Abstract: High-order methods for the numerical solution of PDEs offer many advantages including higher accuracy and lower computational cost. In order to realize the full potential of these high-order PDE solvers, they must be paired with a high-order discretization of the domain. Generation of high-order curvilinear meshes presents several challenges including: validity, numerical stability, and efficiency. In this talk, I will first survey some existing techniques for high-order curvilinear mesh generation. Then I will present our optimization-based methods for generation of second- and third-order Lagrange curvilinear triangular and tetrahedral meshes. Our methods consist of the following steps. First, for each interior mesh node, an optimization problem is solved to calculate an affine or convex combination of nodal positions that relate each interior node to its neighbors. Second, a deformation is applied to the high-order boundary nodes to move them to the true boundary. Third, the new positions of the interior nodes are calculated by solving a linear system of equations using the weights and the new boundary node positions from steps one and two, respectively. We will investigate the numerical properties of our methods and will demonstrate the performance of our methods on several examples of aerospace engineering geometries for use in CFD simulations. Finally, we will give some future directions for research in high-order mesh generation for aerospace engineering geometries. This talk represents joint work with Mike Stees, University of Kansas.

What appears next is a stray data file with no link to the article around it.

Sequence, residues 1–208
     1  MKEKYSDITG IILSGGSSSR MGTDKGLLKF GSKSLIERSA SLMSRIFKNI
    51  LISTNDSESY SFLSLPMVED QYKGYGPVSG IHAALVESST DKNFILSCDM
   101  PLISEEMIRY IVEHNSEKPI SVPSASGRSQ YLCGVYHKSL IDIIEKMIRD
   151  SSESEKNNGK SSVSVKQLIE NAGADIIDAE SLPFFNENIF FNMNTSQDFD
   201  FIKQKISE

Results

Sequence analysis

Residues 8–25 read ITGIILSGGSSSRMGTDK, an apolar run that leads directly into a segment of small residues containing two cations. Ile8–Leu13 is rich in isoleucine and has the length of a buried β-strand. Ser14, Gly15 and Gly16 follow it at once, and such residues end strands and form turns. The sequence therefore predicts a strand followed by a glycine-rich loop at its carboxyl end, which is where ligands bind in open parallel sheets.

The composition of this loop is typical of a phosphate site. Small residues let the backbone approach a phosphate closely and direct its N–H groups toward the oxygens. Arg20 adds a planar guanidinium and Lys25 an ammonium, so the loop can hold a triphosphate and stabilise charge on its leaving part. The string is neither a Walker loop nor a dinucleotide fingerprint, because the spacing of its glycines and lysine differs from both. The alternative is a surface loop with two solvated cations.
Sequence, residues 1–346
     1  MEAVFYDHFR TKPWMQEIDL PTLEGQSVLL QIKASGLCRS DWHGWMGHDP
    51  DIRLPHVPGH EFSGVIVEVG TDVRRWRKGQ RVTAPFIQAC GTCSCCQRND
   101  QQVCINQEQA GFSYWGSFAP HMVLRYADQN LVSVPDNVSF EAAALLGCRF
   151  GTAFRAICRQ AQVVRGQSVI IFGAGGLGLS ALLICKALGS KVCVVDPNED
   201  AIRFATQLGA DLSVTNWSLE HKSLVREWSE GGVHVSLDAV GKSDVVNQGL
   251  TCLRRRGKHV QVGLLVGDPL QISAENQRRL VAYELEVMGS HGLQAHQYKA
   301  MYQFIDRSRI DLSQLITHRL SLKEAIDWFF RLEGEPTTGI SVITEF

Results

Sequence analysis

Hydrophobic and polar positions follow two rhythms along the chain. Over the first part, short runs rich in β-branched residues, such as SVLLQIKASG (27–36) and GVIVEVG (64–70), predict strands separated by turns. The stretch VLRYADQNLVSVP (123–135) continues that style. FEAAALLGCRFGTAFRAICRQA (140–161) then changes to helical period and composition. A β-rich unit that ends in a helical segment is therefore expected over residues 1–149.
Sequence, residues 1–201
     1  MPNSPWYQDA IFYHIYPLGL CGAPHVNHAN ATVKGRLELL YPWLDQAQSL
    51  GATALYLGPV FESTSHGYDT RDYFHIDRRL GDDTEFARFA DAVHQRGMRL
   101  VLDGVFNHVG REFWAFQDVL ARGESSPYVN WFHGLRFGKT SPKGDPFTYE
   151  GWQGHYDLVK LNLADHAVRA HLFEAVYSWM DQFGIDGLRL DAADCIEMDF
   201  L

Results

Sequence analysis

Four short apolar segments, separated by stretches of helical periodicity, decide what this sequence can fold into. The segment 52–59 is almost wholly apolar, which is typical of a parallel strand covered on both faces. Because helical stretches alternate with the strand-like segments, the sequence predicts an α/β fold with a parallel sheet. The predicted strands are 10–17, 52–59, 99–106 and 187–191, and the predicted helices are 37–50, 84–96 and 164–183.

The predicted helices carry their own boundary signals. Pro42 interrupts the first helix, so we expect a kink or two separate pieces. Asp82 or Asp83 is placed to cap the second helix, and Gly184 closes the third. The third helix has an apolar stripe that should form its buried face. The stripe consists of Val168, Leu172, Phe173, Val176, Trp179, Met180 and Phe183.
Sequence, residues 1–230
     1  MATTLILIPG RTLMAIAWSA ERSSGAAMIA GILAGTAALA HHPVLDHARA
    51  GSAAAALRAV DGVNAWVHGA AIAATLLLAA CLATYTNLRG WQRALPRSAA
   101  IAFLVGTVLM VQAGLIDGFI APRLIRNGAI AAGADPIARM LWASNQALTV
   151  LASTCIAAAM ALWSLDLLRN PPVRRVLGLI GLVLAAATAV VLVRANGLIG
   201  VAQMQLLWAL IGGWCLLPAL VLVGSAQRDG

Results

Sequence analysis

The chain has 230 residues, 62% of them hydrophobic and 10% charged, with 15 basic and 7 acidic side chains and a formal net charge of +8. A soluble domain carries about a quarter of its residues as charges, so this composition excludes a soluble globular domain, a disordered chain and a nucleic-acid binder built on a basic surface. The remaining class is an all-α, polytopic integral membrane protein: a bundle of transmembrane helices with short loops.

Biosketch: Suzanne Shontz is an Associate Professor of Electrical Engineering and Computer Science at the University of Kansas. She is also the Director of the Computational Bioengineering Track for the Bioengineering Graduate Program and is affiliated with the Information and Telecommunication Technology Center. Prior to joining the University of Kansas in 2014, Suzanne was on the faculty at Mississippi State and Pennsylvania State Universities. Previously, she was also a postdoc at the University of Minnesota and earned her Ph.D. from Cornell University in 2005. Suzanne’s research focuses centrally on parallel scientific computing, more specifically on the development of unstructured mesh and numerical optimization algorithms and their applications to computational medicine and aerospace engineering, among others. She has received numerous awards for her research including the prestigious NSF Presidential Early CAREER Award (i.e., NSF PECASE Award) from President Obama for her research in computational- and data-enabled science and engineering and an NSF CAREER Award for her research on parallel dynamic meshing algorithms, theory, and software for simulation-assisted medical interventions. She has chaired or co-chaired several top conferences in computational science and engineering including the 2019 SIAM Computational Science and Engineering Conference and the 2019 International Meshing Roundtable.